Persuasion Is More Powerful Than Violence – Robert Murphy

By Robert Murphy – Contributor –

Since groups like the Southern Poverty Law Center and Mother Jones are seeking to tarnish the entire freedom movement with the recent attack on two police officers in Las Vegas, I thought it was important that I reiterate my long-held belief that violence is a faulty tool for improving society. On both principled and pragmatic grounds, persuasion is the only path to lasting liberty. This may not sound exciting and adventurous to some, but it has the benefit of being the truth.

Before I get into the heart of the article, let me make a major disclaimer: For the sake of argument, I am going to accept the reports about the couple at face value. So there’s no need to email me and explain that this whole thing was a “false flag” designed to discredit the liberty movement; I am aware of such possibilities. Yet for the record, I want to walk through why it would be both ethically unjustified and stupid strategically for any real libertarians to behave in this way.

First let’s cover the matter of justice. Most people believe you are justified in using deadly force in self-defense. Some might go so far as to say that you can use deadly force to prevent a theft, especially if you are experiencing a robbery-in-progress and are not sure whether the robber plans on harming your physical person as well.

However, most codes of justice that I know—certainly the one developed by libertarian thinkers like Murray Rothbard—do not allow you to mete out the death penalty after the fact, to somebody who merely stole some of your property. Rothbard famously advanced a “two teeth for a tooth” principle in his book Ethics for Liberty. For example, if somebody steals your TV, then you can (a) go get your TV back and (b) do “the equivalent” rights violation to the thief, namely by stealing his TV. Thus, you get to take the monetary equivalent of two TVs from someone who stole your TV. But under no circumstances would Rothbard agree that you can, say, chop the thief’s hand off “to teach him a lesson,” let alone to actually kill him. That would be a punishment far in excess of the crime.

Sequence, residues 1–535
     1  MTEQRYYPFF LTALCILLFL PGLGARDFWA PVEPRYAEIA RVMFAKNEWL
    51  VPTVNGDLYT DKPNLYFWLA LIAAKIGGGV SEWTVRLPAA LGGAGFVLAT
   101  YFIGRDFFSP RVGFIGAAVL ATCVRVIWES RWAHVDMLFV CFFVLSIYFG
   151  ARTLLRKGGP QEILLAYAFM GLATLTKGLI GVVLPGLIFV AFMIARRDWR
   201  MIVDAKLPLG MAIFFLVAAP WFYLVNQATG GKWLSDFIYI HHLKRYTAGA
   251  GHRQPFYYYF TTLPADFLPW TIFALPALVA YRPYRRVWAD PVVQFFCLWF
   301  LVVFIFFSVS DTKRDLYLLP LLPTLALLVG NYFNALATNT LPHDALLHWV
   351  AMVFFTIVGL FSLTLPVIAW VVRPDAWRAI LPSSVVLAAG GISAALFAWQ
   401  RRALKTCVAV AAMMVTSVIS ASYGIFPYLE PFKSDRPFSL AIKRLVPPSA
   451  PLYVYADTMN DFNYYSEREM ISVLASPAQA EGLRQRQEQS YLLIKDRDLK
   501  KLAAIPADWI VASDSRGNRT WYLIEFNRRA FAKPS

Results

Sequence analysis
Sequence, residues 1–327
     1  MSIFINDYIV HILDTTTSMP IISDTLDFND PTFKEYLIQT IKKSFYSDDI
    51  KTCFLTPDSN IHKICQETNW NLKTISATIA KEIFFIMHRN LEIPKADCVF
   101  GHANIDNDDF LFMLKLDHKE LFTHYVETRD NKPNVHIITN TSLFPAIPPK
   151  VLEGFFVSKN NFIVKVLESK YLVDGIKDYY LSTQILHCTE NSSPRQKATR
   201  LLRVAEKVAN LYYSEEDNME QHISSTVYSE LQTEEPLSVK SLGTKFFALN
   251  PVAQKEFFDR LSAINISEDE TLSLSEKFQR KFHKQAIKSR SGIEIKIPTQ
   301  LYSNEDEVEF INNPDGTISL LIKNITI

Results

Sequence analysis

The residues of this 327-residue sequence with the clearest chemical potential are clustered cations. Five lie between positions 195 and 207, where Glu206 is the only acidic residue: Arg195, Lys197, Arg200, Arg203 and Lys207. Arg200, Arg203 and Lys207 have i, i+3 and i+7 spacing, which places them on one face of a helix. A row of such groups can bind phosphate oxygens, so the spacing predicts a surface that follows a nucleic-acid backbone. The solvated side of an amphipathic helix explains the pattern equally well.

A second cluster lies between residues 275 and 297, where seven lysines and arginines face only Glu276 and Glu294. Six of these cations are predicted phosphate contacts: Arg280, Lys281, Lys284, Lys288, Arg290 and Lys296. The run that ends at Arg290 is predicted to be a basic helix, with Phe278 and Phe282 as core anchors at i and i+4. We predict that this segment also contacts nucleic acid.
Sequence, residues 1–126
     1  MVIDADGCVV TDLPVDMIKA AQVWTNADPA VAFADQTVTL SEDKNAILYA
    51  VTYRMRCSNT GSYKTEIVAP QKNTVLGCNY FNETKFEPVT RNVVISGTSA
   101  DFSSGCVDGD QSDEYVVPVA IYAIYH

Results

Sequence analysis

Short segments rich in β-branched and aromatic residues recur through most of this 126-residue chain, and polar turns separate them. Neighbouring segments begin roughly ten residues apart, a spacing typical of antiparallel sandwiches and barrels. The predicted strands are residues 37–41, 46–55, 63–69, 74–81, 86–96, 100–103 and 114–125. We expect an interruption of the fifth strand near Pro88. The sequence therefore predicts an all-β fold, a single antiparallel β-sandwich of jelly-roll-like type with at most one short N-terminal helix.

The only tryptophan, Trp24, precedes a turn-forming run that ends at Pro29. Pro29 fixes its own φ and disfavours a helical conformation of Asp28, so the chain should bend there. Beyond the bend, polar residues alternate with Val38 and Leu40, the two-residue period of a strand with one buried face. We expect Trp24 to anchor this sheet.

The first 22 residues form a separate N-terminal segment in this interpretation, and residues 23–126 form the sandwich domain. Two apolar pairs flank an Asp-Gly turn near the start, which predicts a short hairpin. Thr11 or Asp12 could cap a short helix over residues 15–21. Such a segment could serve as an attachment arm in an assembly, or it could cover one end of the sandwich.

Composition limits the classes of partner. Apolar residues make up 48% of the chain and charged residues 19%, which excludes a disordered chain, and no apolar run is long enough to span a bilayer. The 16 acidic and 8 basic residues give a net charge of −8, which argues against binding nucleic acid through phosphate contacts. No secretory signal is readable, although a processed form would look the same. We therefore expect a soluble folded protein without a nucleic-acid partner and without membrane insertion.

Lest readers unfamiliar with Rothbard recoil in horror at this apparent retrogression in Western civilization—after all, Jesus famously told His followers not even to insist on “an eye for an eye,” let alone two eyes for an eye—let me clarify that Rothbard was simply spinning out the implications of libertarian property rights theory. So his “two teeth for a tooth” was a maximum on how much punishment one could legally inflict on a criminal who had initiated aggression; Rothbard wasn’t arguing that in terms of one’s personal moral code, vengeance was the answer. Let me quote Rothbard in his own words:

Thus, it should be quite clear that, under libertarian law, capital punishment would have to be confined strictly to the crime of murder. For a criminal would only lose his right to life if he had first deprived some victim of that same right. It would not be permissible, then, for a merchant whose bubble gum had been stolen, to execute the convicted bubble gum thief. If he did so, then he, the merchant, would be an unjustifiable murderer, who could be brought to the bar of justice by the heirs or assigns of the bubble gum thief.

But, in libertarian law, there would be no compulsion on the plaintiff, or his heirs, to exact this maximum penalty. If the plaintiff or his heir, for example, did not believe in capital punishment, for whatever reason, he could voluntarily forgive the victim of part or all of his penalty. If he were a Tolstoyan, and was opposed to punishment altogether, he could simply forgive the criminal, and that would be that. Or—and this has a long and honorable tradition in older Western law—the victim or his heir could allow the criminal to buy his way out of part or all of his punishment. Thus, if proportionality allowed the victim to send the criminal to jail for ten years, the criminal could, if the victim wished, pay the victim to reduce or eliminate this sentence. The proportionality theory only supplies the upper bound to punishment—since it tells us how much punishment a victim may rightfully impose. [Rothbard, Ethics of Liberty, emphasis original.]